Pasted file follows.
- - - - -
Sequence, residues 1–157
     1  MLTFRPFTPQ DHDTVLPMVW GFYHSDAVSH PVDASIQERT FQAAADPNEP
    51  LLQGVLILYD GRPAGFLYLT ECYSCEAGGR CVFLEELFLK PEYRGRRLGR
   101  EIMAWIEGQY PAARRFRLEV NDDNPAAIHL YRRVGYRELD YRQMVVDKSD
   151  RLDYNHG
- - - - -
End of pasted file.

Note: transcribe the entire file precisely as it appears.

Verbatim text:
Sequence, residues 1–157
     1  MLTFRPFTPQ DHDTVLPMVW GFYHSDAVSH PVDASIQERT FQAAADPNEP
    51  LLQGVLILYD GRPAGFLYLT ECYSCEAGGR CVFLEELFLK PEYRGRRLGR
   101  EIMAWIEGQY PAARRFRLEV NDDNPAAIHL YRRVGYRELD YRQMVVDKSD
   151  RLDYNHG